Both of these rules clearly needed to be changed. Progressives started early, offering their proposed solutions (getting rid of these harmful rules all together) well before the rules for the 117th Congress would be adopted. They worked with outside partners (including Indivisible) to bring more Members to their cause and put increased pressure on Democratic leadership. Progressives in the House made it clear that in order to receive their votes for the rules package, progress needed to be made on these two provisions.

The final House rules package for the 117th Congress did not include full elimination of the MTR and PayGo, but it did blunt the worst of their harm and paved the way for progressive legislation. The MTR was changed to remove the “gotcha” vote, and is now simply a vote on whether the bill should be sent back to committee for further deliberation. And while PayGo was not eliminated, there are broad and necessary exemptions for legislation responding to the COVID-19 pandemic and associated economic crisis, as well as for dealing with the urgent need to combat climate change. Neither of these solutions are perfect, but they are a step forward and were only made possible by Progressives making clear demands and backing those demands up with their collective votes. 

The Fights Ahead

We fully expect some contentious legislating during this Congress. There will be efforts to set aside progressive priorities or make a harmful tradeoff in exchange for support from Republicans or even moderate Democrats. During a Democratic trifecta, it is more important than ever to have a Progressive Voting Bloc that is willing to strategically flex its muscles, advance the progressive agenda, and protect against destructive compromises. We know the Democratic majority in the Senate is slim, and some bills will face an uphill climb to reach the President’s desk. This means our best chance at the boldest, most inclusive legislation is ensuring everything that passes the House is sufficiently progressive, and members of the Progressive Voting Bloc always have a seat at the negotiating table. 

How should the Progressive Voting Bloc work moving forward? 

It is critical to differentiate between a destructive voting bloc (think Freedom Caucus that grew out of the Tea Party which only tanked bills and had no ability to win things legislatively) and a constructive voting bloc (what we are building). 

The real goal is for the threat of the voting bloc to prompt meaningful consultation with and concessions to progressives before a bill or proposal is finalized. Progressives will have to use it several times to establish the legitimacy of the threat, but if it’s actually working as intended, it wouldn’t be used very often.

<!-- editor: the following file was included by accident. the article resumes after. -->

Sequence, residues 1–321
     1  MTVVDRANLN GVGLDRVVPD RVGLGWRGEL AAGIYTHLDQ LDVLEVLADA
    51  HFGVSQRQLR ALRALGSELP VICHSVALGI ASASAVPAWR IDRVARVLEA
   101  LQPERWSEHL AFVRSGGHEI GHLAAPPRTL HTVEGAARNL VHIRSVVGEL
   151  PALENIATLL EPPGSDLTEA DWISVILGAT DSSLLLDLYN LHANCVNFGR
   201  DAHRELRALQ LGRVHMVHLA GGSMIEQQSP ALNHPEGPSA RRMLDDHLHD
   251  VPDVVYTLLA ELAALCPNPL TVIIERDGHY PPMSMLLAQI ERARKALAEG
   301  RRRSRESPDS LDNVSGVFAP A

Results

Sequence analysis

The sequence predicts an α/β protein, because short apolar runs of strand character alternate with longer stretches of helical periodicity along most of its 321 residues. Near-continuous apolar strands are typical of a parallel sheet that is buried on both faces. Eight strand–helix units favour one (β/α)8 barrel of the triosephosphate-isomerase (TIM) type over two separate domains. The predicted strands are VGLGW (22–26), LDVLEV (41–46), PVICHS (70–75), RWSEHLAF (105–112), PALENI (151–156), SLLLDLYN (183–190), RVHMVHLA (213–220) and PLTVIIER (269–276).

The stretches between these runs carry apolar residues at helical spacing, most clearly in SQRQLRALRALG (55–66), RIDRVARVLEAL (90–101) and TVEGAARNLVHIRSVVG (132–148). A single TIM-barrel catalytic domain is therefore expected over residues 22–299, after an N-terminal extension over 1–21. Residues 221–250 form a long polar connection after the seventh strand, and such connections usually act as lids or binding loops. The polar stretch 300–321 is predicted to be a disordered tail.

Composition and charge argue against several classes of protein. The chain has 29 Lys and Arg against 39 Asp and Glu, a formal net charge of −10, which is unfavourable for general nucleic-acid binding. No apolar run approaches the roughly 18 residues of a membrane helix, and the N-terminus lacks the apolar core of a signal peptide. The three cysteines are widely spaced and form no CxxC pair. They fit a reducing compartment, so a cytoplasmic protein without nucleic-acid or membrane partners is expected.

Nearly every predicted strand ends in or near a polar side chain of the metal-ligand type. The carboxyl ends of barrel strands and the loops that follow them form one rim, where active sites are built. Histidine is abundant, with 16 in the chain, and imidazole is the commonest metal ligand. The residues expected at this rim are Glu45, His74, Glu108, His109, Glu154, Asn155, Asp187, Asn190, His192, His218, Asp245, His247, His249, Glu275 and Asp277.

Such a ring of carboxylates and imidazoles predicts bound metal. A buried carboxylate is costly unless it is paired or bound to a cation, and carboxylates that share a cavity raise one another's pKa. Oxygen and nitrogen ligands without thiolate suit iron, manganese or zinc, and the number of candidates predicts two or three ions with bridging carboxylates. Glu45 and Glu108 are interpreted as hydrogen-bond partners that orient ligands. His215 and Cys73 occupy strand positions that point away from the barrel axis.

The voting bloc should most often be used to improve legislation, as opposed to killing it. This will ensure that members of the bloc are contributing to larger Democratic efforts and truly governing, and will also help incentivize leadership to engage rather than ignore the voting bloc.

When do we want to use the Progressive Voting Bloc?

A progressive voting bloc should generally be used when progressives have exhausted other options. Using less conflictive tactics beforehand (like offering amendments during committee markups) justify the members using the bloc and establish a clear narrative of good-faith engagement. 

A progressive voting bloc should be used when a bill is being passed on a mostly partisan basis. When bills are passed mostly along partisan lines this makes progressive votes even more important. With Democratic seats lost in the House, leadership needs to win over the progressive wing in order to pass bills. This means they hold a lot of negotiating power. 

A progressive voting bloc should be used when progressives are prepared to negotiate strategically. A progressive voting bloc should generally be used when progressives have a menu of demands or other room to negotiate beyond than a single “line in the sand” demand, and most of those demands should be within or nearly within the Overton Window. 

What is the Overton Window?

  • The Overton Window refers to a set of policies considered mainstream at a given time. The political feasibility of a policy depends on whether or not it falls within the Overton Window. 
  • Importantly, this window isn’t stagnant and often changes. Public opinion is largely responsible for shifting the Overton Window. A lot of the work we do is to shift this window to the left so that progressive policies become mainstream. 
  • One example of the Overton Window shifting is the minimum wage fight. Only a few years ago a $15 per hour minimum wage was seen as too radical, however, after a lot of grassroots mobilizing, public opinion has shifted, and the House passed the Raise the Wage Act in 2019. The $15 per hour minimum wage was once outside of the Overton Window, but progressives made it a winnable policy.